I reached out with my toe and touched his foot.
We didn’t talk after that. The three of us were left alone with the gentle sounds of night: the clack of the loom, the calling of night birds, and the distant voice of Dunit the Crier saying words we couldn’t hear.
Aunt Veera, sitting across from me at morn-sup, had circles under her eyes, and Pa told us it was because she had been up in the middle of the night thrashing a couple of Slouch boys that had tried to steal from our garden. I watched a smug look steal over Aunt Veera’s face as she let her brother tell this story about her. She hadn’t even waked him to help her out, and we’d all slept through the whole thing. Aunt Veera took special pride in dealing with Slouches. We were on the west side of the village and close to the Brackenhill path, which led to the Slouching Fields, so we had to be watchful about our garden. Slouches didn’t try to get into houses, where anything they took could be traced back to its owners, and that meant our tools were safe. Anyhow, as Aunt Veera said, a Slouch wouldn’t know what to do with a tool of any kind, because tools were for work and Slouches didn’t care about work.
Tobi had been watching our aunt closely while Pa spoke. Then he said, “Aunt Veera, can you see the Star Child in Slouches?”
Aunt Veera drank some tea. She answered, “It isn’t easy to when they’re stealing from you.”
“But you still can?”
“I don’t bother myself about it,” Aunt Veera said. “They should have a try at finding the Star Child in themselves. Then they wouldn’t steal, for one thing, and they’d work, for another. And then there wouldn’t even be any Slouches.”
Squirrel and I were already getting up from the table by then. We were hurrying because it was Handyday. And when we got to Handyclass, it was a dull lesson even though it was about weaving.
On the way back, we got a bit of news from Bowyer Hannin when we stopped to fetch milk from him. Bowyer Hannin grazed a cow on the Common. He was at work in his side-yard and was eager to tell us what he’d seen the night before, no doubt between the time we fell asleep and the time Aunt Veera thrashed the Slouches.
“Grand procession on the Straight Road. Agrandhall ball,” Handy Hannin reported, strolling over. I recognized the two-handled tool he hadn’t put down: a drawknife, like the one we used before whittling a branch. And Hannin’s strong arms and hands were like my parents’, and shavings clung to his trousers, the way they clung to us at home.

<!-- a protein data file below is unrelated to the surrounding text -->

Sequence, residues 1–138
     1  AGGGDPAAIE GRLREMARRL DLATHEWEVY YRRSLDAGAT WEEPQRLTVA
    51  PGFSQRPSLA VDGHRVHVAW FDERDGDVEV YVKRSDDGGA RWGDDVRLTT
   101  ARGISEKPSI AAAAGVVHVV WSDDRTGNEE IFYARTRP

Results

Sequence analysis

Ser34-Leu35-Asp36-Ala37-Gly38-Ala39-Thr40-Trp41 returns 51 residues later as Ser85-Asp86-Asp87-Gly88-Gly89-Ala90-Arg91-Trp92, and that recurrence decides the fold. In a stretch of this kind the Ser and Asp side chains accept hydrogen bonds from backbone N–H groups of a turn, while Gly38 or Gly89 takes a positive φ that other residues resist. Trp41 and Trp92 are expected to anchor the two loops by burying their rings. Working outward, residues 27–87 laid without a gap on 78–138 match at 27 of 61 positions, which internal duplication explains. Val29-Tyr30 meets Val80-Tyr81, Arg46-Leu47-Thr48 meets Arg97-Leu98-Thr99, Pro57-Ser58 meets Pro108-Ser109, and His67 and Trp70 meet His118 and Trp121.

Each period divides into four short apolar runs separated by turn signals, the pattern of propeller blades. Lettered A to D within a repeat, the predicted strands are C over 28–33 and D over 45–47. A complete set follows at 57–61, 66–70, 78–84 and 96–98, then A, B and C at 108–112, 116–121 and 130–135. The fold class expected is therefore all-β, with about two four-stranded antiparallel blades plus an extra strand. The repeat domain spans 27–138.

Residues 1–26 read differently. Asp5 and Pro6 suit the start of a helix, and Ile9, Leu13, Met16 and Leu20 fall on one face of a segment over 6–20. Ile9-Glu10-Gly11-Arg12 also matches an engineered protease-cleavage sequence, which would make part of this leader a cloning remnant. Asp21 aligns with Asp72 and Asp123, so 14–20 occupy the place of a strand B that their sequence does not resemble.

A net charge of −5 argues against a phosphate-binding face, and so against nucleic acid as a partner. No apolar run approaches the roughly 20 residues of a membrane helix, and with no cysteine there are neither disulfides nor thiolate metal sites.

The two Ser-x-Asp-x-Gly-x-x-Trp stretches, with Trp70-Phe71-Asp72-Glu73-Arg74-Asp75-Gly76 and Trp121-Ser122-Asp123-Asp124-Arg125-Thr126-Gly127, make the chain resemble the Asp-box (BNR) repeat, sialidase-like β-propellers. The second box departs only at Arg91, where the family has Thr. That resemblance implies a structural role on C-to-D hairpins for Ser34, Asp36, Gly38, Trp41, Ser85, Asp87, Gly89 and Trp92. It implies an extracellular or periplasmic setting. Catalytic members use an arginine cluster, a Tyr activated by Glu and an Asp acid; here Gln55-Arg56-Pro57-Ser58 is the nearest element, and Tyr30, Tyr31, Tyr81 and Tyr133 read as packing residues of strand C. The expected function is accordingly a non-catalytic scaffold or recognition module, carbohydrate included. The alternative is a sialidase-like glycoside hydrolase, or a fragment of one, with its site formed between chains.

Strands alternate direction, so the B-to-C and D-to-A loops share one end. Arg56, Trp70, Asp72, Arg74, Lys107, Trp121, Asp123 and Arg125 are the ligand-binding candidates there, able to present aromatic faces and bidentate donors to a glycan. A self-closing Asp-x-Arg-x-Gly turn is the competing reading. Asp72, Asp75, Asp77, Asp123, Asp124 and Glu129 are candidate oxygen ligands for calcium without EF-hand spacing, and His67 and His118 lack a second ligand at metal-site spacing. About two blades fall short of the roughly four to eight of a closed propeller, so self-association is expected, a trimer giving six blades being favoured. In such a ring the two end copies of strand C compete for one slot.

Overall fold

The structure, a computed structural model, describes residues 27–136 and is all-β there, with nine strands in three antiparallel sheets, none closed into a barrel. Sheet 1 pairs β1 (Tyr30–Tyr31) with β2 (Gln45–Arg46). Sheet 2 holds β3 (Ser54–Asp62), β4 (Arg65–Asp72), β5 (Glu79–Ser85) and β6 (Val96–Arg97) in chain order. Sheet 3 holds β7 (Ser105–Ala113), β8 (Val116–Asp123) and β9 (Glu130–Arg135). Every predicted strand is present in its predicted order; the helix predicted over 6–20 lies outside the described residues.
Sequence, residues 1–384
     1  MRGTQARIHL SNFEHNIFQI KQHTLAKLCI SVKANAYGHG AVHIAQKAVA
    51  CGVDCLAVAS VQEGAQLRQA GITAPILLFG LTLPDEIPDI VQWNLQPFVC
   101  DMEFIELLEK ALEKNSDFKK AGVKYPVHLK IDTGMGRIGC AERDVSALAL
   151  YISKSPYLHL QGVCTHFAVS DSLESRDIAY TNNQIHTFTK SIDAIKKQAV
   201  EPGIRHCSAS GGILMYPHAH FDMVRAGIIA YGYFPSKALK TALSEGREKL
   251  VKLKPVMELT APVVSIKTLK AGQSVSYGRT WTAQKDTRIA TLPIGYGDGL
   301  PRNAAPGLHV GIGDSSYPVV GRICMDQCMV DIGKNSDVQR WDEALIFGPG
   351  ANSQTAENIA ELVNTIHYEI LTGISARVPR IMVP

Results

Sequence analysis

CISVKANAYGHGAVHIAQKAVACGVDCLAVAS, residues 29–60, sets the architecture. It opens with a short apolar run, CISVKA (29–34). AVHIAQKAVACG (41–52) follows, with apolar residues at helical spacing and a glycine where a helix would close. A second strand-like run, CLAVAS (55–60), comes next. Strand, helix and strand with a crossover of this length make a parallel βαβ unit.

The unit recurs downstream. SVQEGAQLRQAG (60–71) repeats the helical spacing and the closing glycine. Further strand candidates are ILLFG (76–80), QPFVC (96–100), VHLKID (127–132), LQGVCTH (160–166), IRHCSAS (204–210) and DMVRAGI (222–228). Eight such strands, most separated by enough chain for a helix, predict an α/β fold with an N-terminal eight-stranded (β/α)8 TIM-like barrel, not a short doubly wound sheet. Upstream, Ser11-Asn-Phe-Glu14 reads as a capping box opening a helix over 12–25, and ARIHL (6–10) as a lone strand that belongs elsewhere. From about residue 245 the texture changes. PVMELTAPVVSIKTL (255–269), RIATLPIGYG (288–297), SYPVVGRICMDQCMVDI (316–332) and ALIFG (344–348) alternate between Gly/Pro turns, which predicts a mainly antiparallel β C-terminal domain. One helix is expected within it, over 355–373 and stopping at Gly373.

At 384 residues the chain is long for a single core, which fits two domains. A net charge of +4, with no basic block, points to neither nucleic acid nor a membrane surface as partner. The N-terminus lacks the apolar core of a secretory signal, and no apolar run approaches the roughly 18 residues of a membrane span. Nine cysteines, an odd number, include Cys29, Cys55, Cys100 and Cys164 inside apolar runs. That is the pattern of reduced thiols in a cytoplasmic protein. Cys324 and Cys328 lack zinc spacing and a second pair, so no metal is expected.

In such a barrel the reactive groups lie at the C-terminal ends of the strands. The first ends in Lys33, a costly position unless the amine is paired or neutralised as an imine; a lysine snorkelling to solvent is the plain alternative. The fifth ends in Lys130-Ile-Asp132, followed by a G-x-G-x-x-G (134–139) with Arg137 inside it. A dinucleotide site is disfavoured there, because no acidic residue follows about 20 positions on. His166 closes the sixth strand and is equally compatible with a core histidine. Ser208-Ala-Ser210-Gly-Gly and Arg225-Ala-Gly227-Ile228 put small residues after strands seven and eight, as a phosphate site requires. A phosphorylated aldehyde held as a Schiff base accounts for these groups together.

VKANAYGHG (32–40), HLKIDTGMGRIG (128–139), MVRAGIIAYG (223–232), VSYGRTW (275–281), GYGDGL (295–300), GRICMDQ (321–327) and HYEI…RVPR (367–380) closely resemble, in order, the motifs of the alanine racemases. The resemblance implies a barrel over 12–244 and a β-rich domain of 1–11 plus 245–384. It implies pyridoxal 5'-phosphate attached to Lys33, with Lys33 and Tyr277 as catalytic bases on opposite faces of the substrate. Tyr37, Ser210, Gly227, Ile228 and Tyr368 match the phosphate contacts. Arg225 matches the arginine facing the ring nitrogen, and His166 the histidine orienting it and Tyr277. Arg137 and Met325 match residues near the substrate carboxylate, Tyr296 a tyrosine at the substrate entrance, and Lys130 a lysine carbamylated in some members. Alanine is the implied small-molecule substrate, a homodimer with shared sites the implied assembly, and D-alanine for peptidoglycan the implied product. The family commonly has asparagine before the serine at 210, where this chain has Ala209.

“The whole Straight Road was headed up there,” he said, gesturing eastward with the knife. “Dresses that fluttered and floated.” His hands, including the knife, did a little dance. “Velvet, that soft stuff, and lace, it looked like little white flowers all sewn together at their wrists and their necks.” The Bowyer’s eyes seemed still filled with the sight. “A score of torchbearers. The colors! Just imagine what it was like inside.”
“How did you find out?” I asked.
“I went over when I heard the music. Handy Tanner was there watching, and Retter Hilpen.
“I wish the Reckoner would put up a notice about these balls,” he added.
“What for?” Squirrel asked. “You can’t go.”
“So we could gawp at the fine people. It’s a treat to see. So much light in the night. The colors,” he repeated, shaking his head.
“Your Teacher was there,” he added. “I didn’t recognize her at first. She was a lady, all right. Yellow gown with little yellow feathers on the hem and the sleeves. The hem kicked up every time she took a step. Over that, she had a blue jacket, light blue, that gleamed in the torchlight. I am telling you, it was like sun on water. She had gold ribbons in her hair. Her husband was wearing a hat as tall as a tree.”
“She was probably dancing all night,” Squirrel scoffed. “No wonder she was half awake for Handyclass.” We nodded to Hand’ Hannin and went to get the milk, the pitcher cooling in the basin on their porch.
“Squirrel,” I said, “you’re the one who was half awake.”
“Because it was dull. Because we had a dull Teacher.”
Teacher Aloot being dull was nothing new. Now, to imagine her dressed the way Handy Hannin had described her, and dancing in her fine clothes amid all the other fine people in their fine clothes, that was new for me. We were used to her in her well-tailored teaching suit. The life of a Teacher had two sides, didn’t it, the everyday one in Handyclass and—
“Squirrel,” I said, “don’t you dare. I am not waiting in the road with the milk.”
I’d seen he was distracted, I’d followed his gaze, and I knew exactly what he was looking at: the wingseed tree up ahead. His eyes had the hungry look that said he was working out which way he’d go up.